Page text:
RNAi is an evolutionarily conserved process in metazoans by which double-stranded RNA directs sequence-specific degradation of mRNA. Studies have shown that RNAi can be triggered by the introduction of synthetic 21-nt RNA duplexes [7
], often referred to as “short interfering RNA” (siRNA), or by the expression of RNA duplexes in a hairpin structure [8
], referred to as “short hairpin RNA” (shRNA), which can be processed into siRNA by cellular RNA endonucleases. RNAi has been shown to be effective in interfering with viruses such as HIV, hepatitis B virus, respiratory syncytial virus, poliovirus, rhinovirus, severe acute respiratory syndrome—associated coronavirus, and dengue virus in cell culture and, in a few cases, in animals.
Directly relevant to influenza control, studies have shown that siRNA that is specific for conserved regions of influenza virus genes potently inhibit replication of a broad spectrum of influenza viruses in cell lines, chicken embryos, and mice [9
]. Stable expression of influenza-specific shRNA via a lentiviral vector in a cell line renders the cells refractory to influenza virus infection [10
]. Similarly, introduction of the same lentiviral vector into the mouse lung results in significant inhibition of virus production in vivo. Together, these findings suggest the possibility of developing influenza-resistant poultry by transgenic expression of influenza-specific shRNA.
Lentivirus has been the vector of choice for stable expression of shRNA in cells and animals [11
]. Recently, lentivirus-mediated transgenesis has been shown to be very efficient in birds. More than 70% of founder birds contain the vector sequences, and 4%–45% of founder birds give rise to germline transmission [12
]. In contrast, transgenesis in chickens by direct DNA injection or infection with oncoretroviral vectors is much less efficient, often requiring the screening of thousands of birds to obtain a single germline transmission [14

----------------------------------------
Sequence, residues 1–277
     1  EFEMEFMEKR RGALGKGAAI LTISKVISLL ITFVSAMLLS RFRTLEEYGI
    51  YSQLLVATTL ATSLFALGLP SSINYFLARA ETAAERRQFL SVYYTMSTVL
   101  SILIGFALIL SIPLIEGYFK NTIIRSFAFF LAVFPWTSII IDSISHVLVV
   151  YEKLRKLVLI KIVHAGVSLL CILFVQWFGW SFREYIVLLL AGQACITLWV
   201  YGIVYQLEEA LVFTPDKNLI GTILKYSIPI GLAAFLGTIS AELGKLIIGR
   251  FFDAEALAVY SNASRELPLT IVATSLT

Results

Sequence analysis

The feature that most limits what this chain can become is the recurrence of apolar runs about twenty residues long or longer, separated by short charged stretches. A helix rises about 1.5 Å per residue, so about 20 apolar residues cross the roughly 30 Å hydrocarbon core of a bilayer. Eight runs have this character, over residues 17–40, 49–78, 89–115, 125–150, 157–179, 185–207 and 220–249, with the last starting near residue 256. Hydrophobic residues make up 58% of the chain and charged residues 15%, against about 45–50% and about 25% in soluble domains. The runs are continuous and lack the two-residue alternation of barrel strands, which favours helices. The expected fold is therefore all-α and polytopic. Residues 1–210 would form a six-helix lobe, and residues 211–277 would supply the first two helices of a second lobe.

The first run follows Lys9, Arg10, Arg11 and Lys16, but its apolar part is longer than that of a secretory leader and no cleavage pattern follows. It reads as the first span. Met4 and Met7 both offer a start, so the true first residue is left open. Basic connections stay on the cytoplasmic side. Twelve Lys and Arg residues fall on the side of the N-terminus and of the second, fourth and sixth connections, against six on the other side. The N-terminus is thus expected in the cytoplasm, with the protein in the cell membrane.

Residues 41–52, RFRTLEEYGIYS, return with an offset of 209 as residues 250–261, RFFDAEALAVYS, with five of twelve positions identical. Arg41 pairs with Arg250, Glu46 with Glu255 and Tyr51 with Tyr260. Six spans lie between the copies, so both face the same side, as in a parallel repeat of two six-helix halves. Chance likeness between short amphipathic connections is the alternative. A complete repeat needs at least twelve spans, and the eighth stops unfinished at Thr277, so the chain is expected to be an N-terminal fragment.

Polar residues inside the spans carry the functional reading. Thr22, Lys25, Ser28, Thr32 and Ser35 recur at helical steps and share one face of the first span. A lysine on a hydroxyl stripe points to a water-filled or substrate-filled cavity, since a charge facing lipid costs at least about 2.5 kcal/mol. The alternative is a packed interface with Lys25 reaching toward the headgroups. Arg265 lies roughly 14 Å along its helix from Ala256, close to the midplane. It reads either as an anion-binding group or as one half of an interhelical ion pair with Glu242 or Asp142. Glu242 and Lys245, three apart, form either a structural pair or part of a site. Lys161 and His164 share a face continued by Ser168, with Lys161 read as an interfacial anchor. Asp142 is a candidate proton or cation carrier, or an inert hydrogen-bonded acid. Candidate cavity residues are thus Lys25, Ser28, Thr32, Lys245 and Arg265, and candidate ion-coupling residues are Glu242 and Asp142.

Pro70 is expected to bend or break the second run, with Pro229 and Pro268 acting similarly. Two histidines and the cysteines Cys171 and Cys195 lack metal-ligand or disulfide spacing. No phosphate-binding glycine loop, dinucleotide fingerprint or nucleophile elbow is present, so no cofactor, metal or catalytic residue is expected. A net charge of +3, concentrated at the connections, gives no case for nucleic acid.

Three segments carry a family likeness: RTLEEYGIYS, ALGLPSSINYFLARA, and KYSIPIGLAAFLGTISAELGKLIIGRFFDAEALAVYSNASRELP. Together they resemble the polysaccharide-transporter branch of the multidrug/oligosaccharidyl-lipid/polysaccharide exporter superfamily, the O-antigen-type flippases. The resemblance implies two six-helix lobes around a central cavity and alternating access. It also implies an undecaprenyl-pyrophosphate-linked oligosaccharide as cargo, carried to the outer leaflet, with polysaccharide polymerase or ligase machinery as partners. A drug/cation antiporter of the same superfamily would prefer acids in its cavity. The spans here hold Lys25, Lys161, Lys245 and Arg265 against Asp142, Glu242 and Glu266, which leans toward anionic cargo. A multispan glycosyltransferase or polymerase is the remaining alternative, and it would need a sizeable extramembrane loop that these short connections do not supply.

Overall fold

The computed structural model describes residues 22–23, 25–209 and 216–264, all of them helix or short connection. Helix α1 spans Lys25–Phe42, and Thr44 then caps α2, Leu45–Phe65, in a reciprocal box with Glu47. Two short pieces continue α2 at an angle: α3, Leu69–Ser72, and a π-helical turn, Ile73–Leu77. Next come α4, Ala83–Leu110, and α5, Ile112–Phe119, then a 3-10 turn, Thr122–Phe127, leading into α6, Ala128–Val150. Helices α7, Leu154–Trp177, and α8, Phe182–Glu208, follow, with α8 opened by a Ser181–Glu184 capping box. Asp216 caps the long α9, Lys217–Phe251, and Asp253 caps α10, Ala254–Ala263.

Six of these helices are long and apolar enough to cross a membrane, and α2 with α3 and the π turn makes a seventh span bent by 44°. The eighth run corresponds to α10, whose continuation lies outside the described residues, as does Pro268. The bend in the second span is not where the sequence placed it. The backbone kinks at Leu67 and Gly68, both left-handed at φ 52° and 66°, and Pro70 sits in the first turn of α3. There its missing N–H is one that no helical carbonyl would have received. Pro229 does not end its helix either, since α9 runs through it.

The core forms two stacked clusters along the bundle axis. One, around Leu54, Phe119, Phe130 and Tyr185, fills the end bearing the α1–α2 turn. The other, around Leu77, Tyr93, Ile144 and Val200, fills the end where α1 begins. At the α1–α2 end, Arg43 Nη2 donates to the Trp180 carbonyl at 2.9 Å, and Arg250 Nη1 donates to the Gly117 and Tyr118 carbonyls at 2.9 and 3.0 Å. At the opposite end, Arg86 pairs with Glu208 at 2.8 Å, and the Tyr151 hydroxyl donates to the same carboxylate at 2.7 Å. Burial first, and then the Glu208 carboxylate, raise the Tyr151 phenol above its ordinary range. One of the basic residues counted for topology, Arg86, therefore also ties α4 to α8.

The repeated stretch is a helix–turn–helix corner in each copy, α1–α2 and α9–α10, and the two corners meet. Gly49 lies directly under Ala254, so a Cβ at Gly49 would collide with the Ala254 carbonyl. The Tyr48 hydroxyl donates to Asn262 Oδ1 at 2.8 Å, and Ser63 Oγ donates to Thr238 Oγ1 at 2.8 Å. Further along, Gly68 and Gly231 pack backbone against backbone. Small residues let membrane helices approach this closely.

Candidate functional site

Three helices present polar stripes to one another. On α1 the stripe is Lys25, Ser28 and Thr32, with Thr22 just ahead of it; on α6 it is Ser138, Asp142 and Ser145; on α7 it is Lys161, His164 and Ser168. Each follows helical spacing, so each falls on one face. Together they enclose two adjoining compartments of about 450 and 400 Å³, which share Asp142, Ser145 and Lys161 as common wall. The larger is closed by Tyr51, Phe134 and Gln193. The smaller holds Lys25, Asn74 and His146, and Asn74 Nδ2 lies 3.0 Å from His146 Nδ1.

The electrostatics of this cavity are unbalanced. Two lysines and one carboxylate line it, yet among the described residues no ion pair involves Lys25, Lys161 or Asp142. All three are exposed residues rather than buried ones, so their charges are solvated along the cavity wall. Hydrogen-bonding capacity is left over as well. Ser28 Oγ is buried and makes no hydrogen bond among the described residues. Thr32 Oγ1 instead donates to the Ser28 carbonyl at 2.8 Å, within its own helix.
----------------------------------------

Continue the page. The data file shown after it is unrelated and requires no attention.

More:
]. Furthermore, unlike transgene expression from oncoretroviral vectors, which is often silenced by epigenetic modifications during early ontogeny, transgene expression from integrated lentiviral vectors has been found to be stable for 4 generations (B.B.S. and C.L., unpublished data).
A critical consideration in developing influenza-resistant poultry is the prevention of the emergence of resistant viruses. One approach is to use siRNA targeting the conserved regions of influenza virus genes, because these regions either do not change or change much less frequently than do other regions, probably owing to structural and/or functional constraints. Targeting the highly conserved region potentially allows the siRNA to remain effective despite antigenic drift and shift. It also has the potential to reduce the emergence of viable resistant variants. Another approach is to simultaneously express multiple shRNAs. The mutation rate of influenza virus is estimated to be 1.5 × 10-5
mutations/nucleotide/infection cycle [15
]. If 4 shRNAs are expressed simultaneously, the probability of the emergence of a resistant virus can be reduced to 1 resistant virus/3 × 1021
virions. This probability can be assessed by use of the following example. The United States produced ~9 billion broiler chickens in 2006. For a resistant virus to arise, each chicken would have to produce 3 × 1011
infectious virions. Under the assumption that 1 infected cell produces 3 × 103
new infectious virions, 108
cells/chicken would have to be infected. Thus, lentiviral vectors expressing ≥4 shRNAs specific for the conserved regions of the influenza virus genome should be used for transgenic poultry production.